In the simplest form, Female Genital Mutilation (FGM) can be defined as the act by which the clitoris of a young girl is removed. In most cases it is carried out primitively with the use of knife or razor blades. Lucy Odom, a Special Educationist from the University of Buea, Cameroon, stated that FGM is aimed at transforming a young girl into a “woman”.
Adaeze Chianumba a Nigeria based advocate for the “girl child” stated that the act could otherwise be called "female circumcision" which is done by the elderly women in villages. The practice can be traced back centuries ago and has a history of its early existence in some African countries especially in Somalia, which has the highest prevalence of FGM in the world. Also, more than 130 million women worldwide are subjected to the procedure, especially in Africa and in the Middle East. In addition, Wikipedia, affirmed that FGM is concentrated in 27 African countries, Yemen and Iraqi Kurdistan, and found elsewhere in Asia, the Middle East, and among diaspora communities around the world.
In 1997 the World Health Organization (WHO), the United Nations International Children's Emergency Fund, (UNICEF) and United Nations Population Fund (UNFPA) defined FGM as the “partial or total removal of the external female genitalia or other injury to the female genital organs for non-medical reasons.” The procedures differ according to the ethnic group in question. However, in the divergence of the procedural rights, the aftermath of the cutting ritual is the same everywhere regardless of any ethnic group. The modus operandi includes, the removal of the clitoral hood and clitoral glans, removal of the inner labia and in most severe form (known as infibulation) and the removal of the inner and outer labia and closure of the vulva. Health experts have always warned that its effects are again dependent on the procedure, but can include recurrent infections, chronic pain, cysts, infertility, lifelong health complications, complications during child-birth, and fatal bleeding.
Some people believe that the practice is rooted in gender inequality and attempts to control women’s sexuality, recalling ideas about purity, modesty and aesthetics. Aji Rohey Bah, a Law Student come activist narrated that the widespread view of FGM in the Gambia is that it is a means by which girls could be "better" in the future, a way of preserving their virginity for their husbands, and a way of spiritual cleansing to mention but a few.
In November 2015, the Gambian President announced that Gambia will ban FGM as a result of the global campaign launched by the Guardian to end the practice. There have been stories and tales of controversy trailing the practice of FGM in The Gambia. Kate Lyons in the Guardian stated that Muslim clerics in the country have come out to say that what is practiced in Gambia is female circumcision and not FGM. In the reportage, the state house Imam, Alhaji Abdoulie Fatty said, “I have never heard of anyone who died as a result of female genital mutilation (FGM)... If you know what FGM means, you know that we do not practice that here. We do not mutilate our children.” Seeing that the Muslim clerics advanced yet another argument to say that FGM is different from female circumcision raises more dust into the issue. Anti-FGM activists would insist otherwise. Be it as it may, the complexity of their argument is another point of call.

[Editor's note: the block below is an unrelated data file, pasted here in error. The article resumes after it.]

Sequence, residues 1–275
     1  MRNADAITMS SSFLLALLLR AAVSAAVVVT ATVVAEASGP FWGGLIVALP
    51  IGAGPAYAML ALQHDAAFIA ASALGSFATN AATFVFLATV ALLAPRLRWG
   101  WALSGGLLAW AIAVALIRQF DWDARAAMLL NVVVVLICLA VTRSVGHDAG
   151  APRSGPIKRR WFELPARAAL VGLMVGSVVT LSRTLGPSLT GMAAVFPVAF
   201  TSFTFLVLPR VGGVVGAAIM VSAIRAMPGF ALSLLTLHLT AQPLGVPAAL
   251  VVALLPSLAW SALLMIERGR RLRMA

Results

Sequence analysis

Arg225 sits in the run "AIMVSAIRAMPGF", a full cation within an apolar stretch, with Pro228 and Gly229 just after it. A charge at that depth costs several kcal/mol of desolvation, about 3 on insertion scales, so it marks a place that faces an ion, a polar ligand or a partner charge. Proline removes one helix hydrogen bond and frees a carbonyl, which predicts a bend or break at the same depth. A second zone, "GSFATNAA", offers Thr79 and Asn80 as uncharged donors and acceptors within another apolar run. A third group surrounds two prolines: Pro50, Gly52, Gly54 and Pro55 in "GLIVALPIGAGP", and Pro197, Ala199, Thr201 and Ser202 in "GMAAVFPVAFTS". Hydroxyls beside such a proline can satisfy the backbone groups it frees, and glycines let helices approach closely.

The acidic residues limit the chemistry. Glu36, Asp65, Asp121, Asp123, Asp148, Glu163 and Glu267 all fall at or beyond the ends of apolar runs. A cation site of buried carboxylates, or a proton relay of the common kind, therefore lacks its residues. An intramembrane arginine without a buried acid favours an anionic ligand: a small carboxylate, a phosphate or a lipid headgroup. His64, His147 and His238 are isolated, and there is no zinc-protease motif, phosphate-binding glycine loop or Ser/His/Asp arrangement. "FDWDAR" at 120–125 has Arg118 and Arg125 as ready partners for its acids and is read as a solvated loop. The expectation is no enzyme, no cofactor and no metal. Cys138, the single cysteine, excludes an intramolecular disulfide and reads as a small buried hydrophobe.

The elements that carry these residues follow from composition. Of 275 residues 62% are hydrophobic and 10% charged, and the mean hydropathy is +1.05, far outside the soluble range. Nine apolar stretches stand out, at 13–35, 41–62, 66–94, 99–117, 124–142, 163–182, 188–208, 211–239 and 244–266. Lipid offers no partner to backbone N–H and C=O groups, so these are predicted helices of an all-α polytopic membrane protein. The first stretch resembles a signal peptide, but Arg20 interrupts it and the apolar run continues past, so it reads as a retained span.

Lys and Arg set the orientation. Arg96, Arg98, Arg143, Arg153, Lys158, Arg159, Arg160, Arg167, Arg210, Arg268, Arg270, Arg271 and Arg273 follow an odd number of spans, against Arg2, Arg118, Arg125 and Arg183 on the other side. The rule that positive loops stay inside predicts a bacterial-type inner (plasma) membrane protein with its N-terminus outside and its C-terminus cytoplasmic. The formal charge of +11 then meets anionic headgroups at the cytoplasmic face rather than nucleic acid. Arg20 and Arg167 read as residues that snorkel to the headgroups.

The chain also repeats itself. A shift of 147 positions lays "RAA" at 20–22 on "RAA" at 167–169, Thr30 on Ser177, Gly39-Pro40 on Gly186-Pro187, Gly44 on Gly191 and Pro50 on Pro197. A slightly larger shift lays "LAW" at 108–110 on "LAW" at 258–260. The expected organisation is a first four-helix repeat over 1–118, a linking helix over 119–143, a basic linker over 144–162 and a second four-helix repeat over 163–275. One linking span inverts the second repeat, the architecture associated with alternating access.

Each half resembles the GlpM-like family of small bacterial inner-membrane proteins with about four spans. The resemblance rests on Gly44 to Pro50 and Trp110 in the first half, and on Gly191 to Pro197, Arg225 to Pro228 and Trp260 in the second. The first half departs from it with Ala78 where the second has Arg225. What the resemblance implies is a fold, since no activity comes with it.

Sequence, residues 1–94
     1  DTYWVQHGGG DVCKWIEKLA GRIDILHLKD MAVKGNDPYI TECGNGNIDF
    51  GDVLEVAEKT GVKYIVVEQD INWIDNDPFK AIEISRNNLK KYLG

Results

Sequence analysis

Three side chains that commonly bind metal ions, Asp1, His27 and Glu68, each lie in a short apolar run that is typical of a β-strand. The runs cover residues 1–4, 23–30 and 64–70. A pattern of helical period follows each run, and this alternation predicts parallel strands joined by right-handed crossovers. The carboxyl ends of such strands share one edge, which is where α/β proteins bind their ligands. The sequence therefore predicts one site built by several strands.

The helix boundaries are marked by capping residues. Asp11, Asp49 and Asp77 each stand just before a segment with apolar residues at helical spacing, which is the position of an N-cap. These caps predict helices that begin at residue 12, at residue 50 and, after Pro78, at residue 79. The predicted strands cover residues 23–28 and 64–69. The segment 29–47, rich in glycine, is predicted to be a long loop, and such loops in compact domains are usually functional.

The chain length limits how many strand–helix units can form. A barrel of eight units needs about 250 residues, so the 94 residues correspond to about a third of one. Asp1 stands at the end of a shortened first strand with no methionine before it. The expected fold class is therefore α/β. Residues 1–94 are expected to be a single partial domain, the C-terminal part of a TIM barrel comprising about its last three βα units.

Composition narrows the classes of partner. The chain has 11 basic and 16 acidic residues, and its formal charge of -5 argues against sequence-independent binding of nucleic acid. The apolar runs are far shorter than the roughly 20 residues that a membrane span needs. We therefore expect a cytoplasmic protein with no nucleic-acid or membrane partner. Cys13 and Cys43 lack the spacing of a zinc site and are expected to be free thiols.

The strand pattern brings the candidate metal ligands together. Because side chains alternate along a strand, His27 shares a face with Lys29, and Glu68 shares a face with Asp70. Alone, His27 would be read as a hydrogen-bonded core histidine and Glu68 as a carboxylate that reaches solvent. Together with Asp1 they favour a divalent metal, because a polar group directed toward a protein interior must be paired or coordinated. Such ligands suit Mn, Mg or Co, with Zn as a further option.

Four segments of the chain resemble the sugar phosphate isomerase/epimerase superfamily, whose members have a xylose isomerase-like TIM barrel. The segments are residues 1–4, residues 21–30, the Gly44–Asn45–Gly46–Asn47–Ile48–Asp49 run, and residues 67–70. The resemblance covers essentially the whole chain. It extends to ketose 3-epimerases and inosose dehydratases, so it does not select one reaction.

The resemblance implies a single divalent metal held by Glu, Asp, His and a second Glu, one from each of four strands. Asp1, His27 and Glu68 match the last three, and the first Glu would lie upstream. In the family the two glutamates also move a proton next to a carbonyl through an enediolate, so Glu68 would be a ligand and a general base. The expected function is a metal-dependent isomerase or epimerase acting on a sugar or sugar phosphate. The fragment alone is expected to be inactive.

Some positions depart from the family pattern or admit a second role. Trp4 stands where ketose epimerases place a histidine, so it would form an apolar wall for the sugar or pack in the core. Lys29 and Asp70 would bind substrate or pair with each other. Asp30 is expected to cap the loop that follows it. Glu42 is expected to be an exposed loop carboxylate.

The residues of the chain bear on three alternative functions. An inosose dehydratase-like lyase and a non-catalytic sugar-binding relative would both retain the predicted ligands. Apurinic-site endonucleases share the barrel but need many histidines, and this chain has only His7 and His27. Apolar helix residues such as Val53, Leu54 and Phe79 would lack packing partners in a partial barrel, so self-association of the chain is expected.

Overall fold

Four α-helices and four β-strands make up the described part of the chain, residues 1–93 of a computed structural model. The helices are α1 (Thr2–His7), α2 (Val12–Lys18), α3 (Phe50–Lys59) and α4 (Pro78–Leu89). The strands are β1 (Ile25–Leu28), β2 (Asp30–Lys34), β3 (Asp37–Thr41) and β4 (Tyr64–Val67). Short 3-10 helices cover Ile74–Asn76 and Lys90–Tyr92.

It is trite that laws are formulated to govern current realities in the society. To be honest, the problem is not in what the laws state, but in their enforcement. It is without doubt that FGM has been outlawed or restricted in most of the countries in which it occurs. The enforcement of these laws is what is lacking, largely due to the lethargy of regulatory bodies in enforcing these laws and regulations. However, before the end of 2015 FGM was banned in Nigeria, which joined 18 other African countries that have outlawed the practice, including Central African Republic, Egypt and South Africa. Gambia was not in the list.
The President, Yahya Jammeh stated that the controversial surgical intervention would be outlawed. The ban would come into effect immediately, even though it is not clear when the government would draft a legislation to enforce it. The Guardian published in November last year that 76% of females in Gambia have been subjected to FGM. It is pertinent to know that the age at which FGM takes place in the Gambia is not recorded, but what is certain is that in most of the countries for which national figure is available, most girls are cut before the age of five. In the case of the Gambia it is prevalent in females between the ages 14-49, this means that by the age of 14, 56% of females in the country have had the procedure.
Interestingly, reports have shown that the public support for FGM has dropped considerably in recent decades among women across all age groups. Perhaps this set of people has come to realize the wrongness of this practice and decided to give room to the thoughts of civilization in a 21st century setting. Whatever the case is, a ban on FGM is only but the beginning. However, the government of the Gambia should be commended on taking the bold step by announcing it. President Jammeh has started on a good note, the zeal and commitment towards liberating the girl child from mutilation should then be pursued vigorously such that the reduction in the prevalence of this practice will be an achievable task.
About The Author
|Ajobiewe Tolulope Odigwe|
Ajobiewe is an African Youth Activist from Nigeria and a member of Ignite The Youth.